## Margin of error calculator

Use our margin of error calculator to determine how accurate your survey data is as a representation of the wider public.

You’ll need three numbers:

**the total number of people your survey represents.**For example, if you’re conducting a social housing survey, the total number of people in social housing in your domain will be the population size.**the sample size.**this is how many people within the population that respond to your survey. their views are a sample of the total population and will be used to speak for the wider group.**confidence level.**this number is how confident you are that the views expressed by the sample size are an accurate reflection of the total population. The higher the number, the more confident you are.*(Note – we don’t offer a confidence level below 90% as anything below that is unlikely to represent quality survey data.)*

Just input the relevant numbers and the calculator will determine the margin of error for your survey.

Margin of error

## What is the margin of error?

The margin of error is an estimate of how accurate your feedback is – and how likely it is to reflect the opinions of people outside of your survey sample.

Aside from a census, most surveys will never reach an entire population – they reflect the views of a sample of the population.

Therefore, there’s always the question of whether the sample size matches up with what everyone else thinks.

**This is where the margin of error comes in.**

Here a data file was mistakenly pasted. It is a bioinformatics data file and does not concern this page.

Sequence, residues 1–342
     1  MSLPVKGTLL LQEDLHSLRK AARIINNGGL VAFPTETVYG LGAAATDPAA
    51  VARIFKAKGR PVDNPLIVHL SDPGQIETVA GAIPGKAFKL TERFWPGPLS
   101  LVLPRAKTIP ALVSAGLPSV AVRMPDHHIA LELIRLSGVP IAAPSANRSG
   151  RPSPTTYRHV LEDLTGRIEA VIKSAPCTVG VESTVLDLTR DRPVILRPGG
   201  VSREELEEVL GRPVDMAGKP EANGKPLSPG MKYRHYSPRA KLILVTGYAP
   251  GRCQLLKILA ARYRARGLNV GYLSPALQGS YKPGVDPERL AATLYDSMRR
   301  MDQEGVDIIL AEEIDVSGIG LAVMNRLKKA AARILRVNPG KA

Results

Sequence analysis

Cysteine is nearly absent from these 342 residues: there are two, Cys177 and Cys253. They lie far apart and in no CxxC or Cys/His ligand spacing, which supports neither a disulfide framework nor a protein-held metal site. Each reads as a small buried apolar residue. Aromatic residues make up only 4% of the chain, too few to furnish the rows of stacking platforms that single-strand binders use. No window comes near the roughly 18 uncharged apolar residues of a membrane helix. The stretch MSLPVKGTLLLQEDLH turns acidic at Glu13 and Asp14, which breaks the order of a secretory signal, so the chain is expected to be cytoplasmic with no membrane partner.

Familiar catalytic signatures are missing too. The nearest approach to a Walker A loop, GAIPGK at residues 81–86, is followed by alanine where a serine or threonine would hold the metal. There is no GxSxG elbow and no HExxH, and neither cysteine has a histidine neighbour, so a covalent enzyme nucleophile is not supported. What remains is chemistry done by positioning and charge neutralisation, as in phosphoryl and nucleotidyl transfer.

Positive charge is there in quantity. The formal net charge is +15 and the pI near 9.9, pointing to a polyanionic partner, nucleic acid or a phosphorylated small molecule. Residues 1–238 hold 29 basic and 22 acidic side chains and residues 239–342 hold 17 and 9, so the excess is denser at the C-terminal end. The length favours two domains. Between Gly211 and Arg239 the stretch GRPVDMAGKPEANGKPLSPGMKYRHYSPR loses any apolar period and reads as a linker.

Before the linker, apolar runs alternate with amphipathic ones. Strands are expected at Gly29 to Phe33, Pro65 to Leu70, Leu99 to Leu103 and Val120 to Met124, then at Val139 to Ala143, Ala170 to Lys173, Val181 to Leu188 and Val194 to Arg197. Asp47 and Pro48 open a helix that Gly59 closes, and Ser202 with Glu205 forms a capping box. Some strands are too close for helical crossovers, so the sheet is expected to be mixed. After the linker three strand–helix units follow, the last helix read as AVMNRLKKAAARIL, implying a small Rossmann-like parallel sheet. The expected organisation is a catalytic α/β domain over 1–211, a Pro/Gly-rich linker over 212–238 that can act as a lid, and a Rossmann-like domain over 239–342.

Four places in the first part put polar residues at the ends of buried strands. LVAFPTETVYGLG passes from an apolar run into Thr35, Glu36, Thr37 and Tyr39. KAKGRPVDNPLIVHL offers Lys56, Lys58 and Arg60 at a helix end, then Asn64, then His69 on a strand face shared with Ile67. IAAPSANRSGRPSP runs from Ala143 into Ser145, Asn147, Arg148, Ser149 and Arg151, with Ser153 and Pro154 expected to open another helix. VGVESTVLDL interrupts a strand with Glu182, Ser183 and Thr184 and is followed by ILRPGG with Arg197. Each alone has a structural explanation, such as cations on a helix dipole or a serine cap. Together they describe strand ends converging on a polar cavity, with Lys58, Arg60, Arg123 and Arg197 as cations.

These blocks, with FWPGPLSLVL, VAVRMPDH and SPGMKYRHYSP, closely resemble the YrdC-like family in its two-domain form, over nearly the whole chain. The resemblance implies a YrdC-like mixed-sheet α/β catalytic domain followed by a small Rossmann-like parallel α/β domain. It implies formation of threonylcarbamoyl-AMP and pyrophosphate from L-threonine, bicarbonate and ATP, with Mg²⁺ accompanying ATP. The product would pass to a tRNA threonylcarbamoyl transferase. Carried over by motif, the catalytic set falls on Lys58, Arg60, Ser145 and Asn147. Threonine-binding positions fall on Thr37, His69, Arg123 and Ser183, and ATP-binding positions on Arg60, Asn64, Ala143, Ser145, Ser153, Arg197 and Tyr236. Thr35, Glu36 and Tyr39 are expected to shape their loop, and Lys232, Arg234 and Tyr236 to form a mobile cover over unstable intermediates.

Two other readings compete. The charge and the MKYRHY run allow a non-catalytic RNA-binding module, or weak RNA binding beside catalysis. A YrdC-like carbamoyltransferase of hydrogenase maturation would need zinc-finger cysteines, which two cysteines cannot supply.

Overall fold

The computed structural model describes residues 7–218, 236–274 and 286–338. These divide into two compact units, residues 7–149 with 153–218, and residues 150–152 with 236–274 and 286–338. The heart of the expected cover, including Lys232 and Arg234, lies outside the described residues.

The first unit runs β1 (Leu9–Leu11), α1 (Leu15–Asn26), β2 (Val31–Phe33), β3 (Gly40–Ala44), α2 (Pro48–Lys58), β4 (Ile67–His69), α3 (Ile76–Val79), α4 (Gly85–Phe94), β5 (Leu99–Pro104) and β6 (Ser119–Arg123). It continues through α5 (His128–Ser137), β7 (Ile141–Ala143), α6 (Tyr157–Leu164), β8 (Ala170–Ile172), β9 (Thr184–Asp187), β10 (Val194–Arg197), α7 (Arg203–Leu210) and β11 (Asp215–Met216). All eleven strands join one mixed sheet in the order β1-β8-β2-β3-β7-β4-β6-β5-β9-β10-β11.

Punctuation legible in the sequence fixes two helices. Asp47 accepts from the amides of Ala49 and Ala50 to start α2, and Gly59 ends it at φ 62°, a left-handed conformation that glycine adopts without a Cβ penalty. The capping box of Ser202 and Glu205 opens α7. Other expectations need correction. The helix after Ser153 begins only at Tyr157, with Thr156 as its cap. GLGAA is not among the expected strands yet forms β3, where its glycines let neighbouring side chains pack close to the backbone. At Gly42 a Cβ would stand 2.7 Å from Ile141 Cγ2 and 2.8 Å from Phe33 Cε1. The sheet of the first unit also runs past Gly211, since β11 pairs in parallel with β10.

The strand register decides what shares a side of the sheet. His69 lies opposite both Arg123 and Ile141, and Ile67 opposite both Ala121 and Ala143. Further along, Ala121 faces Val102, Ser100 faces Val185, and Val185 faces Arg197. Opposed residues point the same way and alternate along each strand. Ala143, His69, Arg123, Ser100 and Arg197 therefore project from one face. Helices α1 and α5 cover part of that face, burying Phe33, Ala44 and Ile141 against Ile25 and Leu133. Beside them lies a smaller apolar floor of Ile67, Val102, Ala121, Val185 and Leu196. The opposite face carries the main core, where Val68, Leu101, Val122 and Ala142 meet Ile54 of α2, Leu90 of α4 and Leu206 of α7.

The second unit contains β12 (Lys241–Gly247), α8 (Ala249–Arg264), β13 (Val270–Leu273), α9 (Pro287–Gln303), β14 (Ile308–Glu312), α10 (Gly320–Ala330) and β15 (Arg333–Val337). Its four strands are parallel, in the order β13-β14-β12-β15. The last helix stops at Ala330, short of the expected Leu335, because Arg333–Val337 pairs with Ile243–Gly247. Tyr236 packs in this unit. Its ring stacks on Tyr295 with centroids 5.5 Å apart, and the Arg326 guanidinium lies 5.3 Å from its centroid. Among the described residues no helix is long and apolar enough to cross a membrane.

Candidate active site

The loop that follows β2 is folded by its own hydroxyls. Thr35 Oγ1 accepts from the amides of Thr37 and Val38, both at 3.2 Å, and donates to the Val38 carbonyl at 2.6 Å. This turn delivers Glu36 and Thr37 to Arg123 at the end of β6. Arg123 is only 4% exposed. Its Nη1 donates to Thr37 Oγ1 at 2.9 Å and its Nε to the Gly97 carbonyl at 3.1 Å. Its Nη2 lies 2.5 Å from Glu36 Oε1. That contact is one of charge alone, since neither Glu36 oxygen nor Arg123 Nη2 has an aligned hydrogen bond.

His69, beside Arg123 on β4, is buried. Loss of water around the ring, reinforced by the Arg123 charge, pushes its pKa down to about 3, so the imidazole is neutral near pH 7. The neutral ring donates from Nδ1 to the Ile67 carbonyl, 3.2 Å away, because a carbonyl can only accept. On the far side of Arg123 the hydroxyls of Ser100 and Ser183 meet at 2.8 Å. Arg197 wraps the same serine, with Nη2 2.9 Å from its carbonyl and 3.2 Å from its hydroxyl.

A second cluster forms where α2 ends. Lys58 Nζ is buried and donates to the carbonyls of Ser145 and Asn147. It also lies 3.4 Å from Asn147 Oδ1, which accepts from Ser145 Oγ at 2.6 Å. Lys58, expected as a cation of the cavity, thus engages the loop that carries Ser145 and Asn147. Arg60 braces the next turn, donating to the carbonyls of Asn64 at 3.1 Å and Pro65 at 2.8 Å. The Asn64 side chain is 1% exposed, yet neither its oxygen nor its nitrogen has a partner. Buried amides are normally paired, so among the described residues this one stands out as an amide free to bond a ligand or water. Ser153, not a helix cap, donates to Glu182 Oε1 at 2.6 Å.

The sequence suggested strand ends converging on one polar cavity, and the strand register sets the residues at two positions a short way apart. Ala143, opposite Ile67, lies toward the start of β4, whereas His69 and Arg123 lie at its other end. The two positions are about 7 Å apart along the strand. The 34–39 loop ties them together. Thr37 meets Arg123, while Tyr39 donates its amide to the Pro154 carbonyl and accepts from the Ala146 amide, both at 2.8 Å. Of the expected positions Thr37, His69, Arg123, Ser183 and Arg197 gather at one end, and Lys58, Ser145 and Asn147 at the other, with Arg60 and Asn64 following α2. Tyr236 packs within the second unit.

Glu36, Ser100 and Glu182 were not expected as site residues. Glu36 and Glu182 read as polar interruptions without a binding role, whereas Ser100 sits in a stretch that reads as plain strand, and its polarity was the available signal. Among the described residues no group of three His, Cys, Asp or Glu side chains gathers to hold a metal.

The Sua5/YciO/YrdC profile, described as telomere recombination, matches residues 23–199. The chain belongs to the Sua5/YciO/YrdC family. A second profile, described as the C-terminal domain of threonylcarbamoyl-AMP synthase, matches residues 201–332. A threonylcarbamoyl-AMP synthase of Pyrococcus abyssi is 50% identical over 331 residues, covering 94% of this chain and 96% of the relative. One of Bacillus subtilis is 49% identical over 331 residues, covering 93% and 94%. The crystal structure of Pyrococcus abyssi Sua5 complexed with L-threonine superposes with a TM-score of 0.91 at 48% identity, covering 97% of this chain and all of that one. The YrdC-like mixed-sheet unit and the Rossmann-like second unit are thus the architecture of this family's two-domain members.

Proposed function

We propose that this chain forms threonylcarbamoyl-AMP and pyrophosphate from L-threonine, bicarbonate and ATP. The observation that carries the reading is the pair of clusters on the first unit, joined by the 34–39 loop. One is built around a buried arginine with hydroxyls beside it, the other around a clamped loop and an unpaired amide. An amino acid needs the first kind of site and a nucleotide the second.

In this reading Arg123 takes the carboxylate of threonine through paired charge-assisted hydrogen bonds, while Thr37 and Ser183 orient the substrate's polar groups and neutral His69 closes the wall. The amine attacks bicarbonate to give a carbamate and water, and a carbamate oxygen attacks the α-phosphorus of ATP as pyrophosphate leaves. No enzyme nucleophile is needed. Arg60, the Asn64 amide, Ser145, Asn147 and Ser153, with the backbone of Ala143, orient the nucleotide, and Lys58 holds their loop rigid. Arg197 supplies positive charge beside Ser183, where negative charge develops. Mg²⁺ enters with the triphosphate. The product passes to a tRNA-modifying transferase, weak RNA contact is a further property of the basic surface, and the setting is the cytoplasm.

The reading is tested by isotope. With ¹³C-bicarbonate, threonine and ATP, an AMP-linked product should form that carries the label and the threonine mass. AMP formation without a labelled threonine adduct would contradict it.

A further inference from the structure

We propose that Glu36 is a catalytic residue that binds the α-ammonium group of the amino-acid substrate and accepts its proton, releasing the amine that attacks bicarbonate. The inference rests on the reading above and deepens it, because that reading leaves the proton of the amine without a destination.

The larger the margin of error, the less confidence you should have in how closely the views expressed by the sample represent the views of the target population as a whole.

## How to calculate margin of error

Use our free margin of error calculator. It will be a mathematical sum made up of these 3 factors:

**Population size (overall)**

How many people will the survey data represent?

For example, in social housing, you may have 50,000 tenants. So any feedback from a social housing survey will be understood to represent those 50,000 people – even if not all of them participated.

**Confidence level**

How confident are you that the data accurately reflects the overall population of the people you surveyed? It is usual to set this at 95% .

**Sample size**

You will usually survey a certain number of people within a wider group – such as 1,000 social tenants out of 50,000 tenants in a social housing community.

The sample size of 1,000 will be used to understand the feelings and opinion of the 50,000.

## How to use margin of error

In a social housing survey, if 70% of social housing tenants respond they are happy with their provider, and if your margin of error is 3%, then you can estimate that between 67% and 73% of all social housing tenants are happy.

This is because your 3% margin of error reflects a possible change of 3% higher or lower than your survey results.

Once you know the minimum and maximum numbers you’re dealing with, you can begin plans for strategic action based upon your data.

**Ultimately, taking margin of error into account means you can be more confident that you are unlikely to underestimate or overestimate how much your data reflects the wider population.**